But of course, my mom is a Mulatto. So my grandfather on my mother’s side is an Anglo White Dude, straight from Europe somewhere around there. Anyway, he passed before I was born. And so my mom, you know, she’s very light skinned and my father, who was my grandparents on his side also passed before I was born.

And they were from Brooklyn. So there’s that and then of course I did a DNA thing sometime ago and you know, I don’t even, you know, you get this DNA thing and this is a whole other thing.

Like where did the New Zealand midget come in there? I didn’t know I had part of New Zealand midget in me. What is that about? When did I get the Maori from? I don’t know, you do those DNA things and it’s like, okay, all right. I had a purple head about 3000 years ago. You got a 17% Chinese and that made sense to me, since ever since I was young. I used to swear I was Chinese.

The only people that knew that I wasn’t Chinese was Chinese people. They really had a tough time with that one, although that would politely agree. Oh, okay.

 

Mike: Alright, next experience in the fitness industry. What have you done? Where are you been? Where did you start?

Oh my God. Oh yeah. The fitness industry is like many things in the world that don’t exist anymore. There’s certain things in the fitness industry that have gone the way of the cassette tape.

You know, it’s just certain things that I got into the fitness industry of course, because I was always a Chubby kid, you know, when I grew up.

I had an affinity for breakfast cereals and sugar when I’m cooking, I grew up and my mom, worked very hard to raise my sister and I, and so I didn’t have a lot of parental guidance in that. I was sort of just left on my own to cook. So, you know, you’re a kid and you’re like, what you want?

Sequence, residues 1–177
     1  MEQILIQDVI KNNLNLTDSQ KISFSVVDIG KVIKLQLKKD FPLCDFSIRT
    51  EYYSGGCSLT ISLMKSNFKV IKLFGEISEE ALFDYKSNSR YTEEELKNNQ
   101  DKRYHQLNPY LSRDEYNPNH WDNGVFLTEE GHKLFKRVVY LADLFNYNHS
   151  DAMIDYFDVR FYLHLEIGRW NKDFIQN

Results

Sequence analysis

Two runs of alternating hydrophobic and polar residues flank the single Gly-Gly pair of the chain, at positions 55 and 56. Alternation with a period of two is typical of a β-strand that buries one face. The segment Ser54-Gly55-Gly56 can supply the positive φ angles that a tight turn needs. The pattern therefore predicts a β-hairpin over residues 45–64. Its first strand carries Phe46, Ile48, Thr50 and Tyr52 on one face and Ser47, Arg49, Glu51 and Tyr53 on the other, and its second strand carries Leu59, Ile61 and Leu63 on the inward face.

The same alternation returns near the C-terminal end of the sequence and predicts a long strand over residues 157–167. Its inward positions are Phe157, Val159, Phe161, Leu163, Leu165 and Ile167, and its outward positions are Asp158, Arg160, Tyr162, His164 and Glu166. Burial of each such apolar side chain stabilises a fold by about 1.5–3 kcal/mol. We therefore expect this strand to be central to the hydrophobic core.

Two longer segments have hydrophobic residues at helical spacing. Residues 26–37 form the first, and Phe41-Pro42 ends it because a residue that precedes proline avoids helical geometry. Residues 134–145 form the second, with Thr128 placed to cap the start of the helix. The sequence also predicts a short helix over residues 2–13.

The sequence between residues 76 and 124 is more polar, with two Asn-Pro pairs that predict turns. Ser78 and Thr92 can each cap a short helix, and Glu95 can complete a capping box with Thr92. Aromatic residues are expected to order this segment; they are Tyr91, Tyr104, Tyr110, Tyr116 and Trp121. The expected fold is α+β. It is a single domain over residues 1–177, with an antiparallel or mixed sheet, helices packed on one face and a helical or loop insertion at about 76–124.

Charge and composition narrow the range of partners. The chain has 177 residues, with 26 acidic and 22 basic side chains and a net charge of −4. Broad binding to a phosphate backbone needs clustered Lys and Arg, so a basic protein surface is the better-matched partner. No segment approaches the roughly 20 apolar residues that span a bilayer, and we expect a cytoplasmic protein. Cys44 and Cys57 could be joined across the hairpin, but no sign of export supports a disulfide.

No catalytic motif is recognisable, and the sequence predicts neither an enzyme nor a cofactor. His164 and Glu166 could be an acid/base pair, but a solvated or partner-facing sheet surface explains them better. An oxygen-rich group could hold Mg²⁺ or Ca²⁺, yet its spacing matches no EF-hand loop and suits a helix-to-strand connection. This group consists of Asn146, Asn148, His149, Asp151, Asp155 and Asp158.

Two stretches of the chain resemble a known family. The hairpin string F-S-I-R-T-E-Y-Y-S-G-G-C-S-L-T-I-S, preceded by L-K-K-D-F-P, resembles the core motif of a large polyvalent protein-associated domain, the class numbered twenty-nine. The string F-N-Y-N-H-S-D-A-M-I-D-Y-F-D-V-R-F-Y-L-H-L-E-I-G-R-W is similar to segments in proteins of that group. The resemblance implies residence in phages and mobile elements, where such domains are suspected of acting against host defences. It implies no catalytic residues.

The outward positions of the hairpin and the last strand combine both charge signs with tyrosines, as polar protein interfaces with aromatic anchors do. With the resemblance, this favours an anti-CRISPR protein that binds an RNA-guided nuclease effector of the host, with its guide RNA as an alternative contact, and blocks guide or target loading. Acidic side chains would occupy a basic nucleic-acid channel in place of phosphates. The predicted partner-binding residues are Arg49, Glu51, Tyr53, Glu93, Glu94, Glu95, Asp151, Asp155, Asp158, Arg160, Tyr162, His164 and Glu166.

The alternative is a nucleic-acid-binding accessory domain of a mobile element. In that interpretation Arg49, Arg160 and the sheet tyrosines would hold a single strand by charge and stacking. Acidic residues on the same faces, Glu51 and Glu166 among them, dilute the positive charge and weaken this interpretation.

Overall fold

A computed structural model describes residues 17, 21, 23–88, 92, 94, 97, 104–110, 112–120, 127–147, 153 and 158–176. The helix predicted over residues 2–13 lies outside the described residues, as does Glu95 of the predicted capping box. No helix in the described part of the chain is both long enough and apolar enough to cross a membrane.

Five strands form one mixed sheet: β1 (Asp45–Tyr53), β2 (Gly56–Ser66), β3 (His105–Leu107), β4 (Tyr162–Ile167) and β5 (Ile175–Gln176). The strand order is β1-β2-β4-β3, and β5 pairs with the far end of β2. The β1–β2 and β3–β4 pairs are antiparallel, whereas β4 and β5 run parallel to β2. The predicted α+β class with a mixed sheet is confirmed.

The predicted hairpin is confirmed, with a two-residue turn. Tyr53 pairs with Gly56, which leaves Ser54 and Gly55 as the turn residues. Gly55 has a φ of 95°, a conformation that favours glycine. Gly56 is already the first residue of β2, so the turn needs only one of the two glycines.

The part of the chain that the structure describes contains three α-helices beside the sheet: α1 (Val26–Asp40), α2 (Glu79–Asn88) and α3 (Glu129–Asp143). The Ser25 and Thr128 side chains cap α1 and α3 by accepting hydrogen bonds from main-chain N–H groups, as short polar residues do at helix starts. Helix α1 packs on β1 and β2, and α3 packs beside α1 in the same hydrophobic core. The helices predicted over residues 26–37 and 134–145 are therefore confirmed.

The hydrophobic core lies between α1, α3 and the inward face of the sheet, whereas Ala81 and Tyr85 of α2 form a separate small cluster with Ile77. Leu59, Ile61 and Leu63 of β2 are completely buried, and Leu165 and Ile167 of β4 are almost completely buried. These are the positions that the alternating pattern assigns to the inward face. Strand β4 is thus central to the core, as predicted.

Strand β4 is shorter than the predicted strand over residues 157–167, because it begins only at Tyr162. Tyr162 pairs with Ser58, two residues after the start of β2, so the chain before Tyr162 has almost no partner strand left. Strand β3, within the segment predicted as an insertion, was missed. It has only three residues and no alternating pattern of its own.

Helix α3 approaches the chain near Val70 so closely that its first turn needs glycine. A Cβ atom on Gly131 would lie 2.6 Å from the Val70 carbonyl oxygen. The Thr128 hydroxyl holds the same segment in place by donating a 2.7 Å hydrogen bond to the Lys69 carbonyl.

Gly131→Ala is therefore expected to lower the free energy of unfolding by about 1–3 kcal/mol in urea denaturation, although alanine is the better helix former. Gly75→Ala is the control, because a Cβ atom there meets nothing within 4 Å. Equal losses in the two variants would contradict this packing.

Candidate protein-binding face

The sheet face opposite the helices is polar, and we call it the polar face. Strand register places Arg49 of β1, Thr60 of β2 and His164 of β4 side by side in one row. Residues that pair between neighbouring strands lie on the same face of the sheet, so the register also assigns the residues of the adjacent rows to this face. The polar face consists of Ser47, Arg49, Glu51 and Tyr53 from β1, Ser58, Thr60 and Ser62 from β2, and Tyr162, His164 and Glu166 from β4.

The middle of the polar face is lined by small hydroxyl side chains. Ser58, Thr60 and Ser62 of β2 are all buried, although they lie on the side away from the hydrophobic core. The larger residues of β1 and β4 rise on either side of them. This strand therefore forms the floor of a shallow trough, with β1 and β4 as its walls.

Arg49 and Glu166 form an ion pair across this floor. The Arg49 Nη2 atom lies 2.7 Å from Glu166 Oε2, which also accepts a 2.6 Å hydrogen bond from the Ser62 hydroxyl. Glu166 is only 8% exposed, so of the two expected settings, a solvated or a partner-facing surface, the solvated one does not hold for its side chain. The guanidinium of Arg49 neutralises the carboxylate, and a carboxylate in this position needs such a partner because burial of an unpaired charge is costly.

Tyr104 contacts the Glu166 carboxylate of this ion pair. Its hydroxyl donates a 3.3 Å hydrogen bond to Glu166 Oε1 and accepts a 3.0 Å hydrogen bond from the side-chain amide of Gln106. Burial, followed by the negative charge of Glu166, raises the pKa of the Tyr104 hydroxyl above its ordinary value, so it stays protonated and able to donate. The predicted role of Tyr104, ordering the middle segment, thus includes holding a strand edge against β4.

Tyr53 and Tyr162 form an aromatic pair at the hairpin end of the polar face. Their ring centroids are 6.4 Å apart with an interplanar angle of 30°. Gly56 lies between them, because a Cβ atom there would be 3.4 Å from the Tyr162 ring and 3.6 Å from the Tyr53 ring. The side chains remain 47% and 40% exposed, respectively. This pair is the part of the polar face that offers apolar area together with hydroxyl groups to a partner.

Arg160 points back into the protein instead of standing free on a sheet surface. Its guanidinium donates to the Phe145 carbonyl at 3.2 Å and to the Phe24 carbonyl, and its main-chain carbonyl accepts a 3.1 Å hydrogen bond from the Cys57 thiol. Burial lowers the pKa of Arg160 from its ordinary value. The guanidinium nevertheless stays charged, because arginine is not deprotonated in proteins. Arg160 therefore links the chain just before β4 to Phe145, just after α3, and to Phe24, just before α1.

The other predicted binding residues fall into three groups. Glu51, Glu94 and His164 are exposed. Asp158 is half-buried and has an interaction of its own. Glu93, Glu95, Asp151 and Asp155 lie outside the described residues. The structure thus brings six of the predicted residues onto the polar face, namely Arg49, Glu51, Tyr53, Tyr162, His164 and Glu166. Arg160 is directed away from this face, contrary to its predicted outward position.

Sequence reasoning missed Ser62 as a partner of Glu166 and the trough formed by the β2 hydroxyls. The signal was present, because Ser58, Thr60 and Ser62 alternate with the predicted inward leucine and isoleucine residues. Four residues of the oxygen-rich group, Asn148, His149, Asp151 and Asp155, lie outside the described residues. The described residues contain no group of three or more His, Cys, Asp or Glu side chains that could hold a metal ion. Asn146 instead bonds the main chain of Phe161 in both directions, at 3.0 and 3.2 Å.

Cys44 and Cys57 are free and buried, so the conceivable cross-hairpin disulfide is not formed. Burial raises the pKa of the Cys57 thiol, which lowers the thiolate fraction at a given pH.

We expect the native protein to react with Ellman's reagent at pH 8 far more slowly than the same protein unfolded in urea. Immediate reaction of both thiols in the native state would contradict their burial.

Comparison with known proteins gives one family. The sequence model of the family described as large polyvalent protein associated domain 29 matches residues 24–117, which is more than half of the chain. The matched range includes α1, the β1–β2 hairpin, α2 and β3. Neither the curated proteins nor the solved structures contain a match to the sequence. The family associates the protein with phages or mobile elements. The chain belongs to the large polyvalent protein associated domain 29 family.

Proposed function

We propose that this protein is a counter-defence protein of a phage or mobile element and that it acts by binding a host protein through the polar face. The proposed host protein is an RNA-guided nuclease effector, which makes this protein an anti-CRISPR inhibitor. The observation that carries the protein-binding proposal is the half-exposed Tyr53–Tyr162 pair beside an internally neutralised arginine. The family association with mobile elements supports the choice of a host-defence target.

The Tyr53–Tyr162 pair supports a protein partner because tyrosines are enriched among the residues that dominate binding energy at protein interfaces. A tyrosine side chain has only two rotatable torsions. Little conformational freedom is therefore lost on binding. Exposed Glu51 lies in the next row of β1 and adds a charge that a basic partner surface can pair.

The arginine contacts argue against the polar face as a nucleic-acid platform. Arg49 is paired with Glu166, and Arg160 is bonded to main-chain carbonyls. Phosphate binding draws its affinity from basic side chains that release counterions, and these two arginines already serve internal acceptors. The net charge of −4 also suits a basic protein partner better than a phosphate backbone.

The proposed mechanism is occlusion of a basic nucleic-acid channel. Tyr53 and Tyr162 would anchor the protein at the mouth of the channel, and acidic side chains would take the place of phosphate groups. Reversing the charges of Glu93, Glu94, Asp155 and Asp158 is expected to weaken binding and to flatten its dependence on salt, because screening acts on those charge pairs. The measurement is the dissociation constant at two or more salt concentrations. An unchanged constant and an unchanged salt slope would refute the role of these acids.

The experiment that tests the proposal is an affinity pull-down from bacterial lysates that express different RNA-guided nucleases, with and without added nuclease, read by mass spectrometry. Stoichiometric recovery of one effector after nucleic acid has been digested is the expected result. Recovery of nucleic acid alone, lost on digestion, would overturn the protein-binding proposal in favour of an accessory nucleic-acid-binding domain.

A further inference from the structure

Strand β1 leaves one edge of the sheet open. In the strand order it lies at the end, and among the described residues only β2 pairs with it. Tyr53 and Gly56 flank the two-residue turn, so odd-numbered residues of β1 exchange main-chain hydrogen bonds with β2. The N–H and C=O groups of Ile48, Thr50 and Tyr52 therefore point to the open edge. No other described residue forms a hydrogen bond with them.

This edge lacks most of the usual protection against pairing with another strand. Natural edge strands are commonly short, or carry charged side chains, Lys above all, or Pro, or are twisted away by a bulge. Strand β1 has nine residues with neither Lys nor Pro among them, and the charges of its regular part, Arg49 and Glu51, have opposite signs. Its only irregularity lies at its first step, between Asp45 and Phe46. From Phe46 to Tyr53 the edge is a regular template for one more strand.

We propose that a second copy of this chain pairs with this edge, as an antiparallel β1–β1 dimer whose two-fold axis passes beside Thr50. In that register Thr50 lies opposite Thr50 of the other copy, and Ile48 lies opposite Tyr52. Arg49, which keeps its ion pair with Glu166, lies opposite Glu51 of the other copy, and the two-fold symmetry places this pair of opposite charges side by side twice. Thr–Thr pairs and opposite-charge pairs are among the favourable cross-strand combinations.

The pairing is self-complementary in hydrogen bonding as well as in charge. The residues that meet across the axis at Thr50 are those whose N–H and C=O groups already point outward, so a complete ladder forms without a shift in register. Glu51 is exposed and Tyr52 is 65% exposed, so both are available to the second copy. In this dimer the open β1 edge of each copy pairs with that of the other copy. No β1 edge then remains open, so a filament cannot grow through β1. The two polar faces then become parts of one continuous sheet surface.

You want to eat your vegetables or a hostess cupcake? Hmm. See, I gotta go with the cupcake mom. 

 

So consequently, you know I was in those days, what they called “Husky”. They didn’t say derogatory things like Chubby. They called it the “Husky” section of the boys clothes.

But then when I was very young, there was a day that I was sitting on the floor watching TV with my mom and all of a sudden, you know, you hear this thing, come on, “Woo” you know, and then it was Bruce Lee in the Chinese Connection. And from then on I’m like, okay, that’s what I wanna do. I wanna look like Bruce Lee. I want to have muscles like that.

And that’s when my fitness journey really began because from there I began to read everything I could about Bruce Lee, how he slept, how he maintained his fitness. And then I would read magazines about that.

And then the 70s, this is when things started to come around. So that was the beginning.

That was the true essence of the innocence of inspiration. Yeah. You know, basics things at that particular point, you know, when fitness was in the 70’s, things were very basic.

My father was a military man and my father would get up every morning and I would see him when I would go visit him and he would do, you know, 300 push-ups, 300 sit ups, 300 jumping jacks.

And it was something, as a kid, you just look at him going, why is my father doing this and why is it all morning while I’m trying to get my Captain Crunch cereal in.

 

Click above to hear the whole conversation.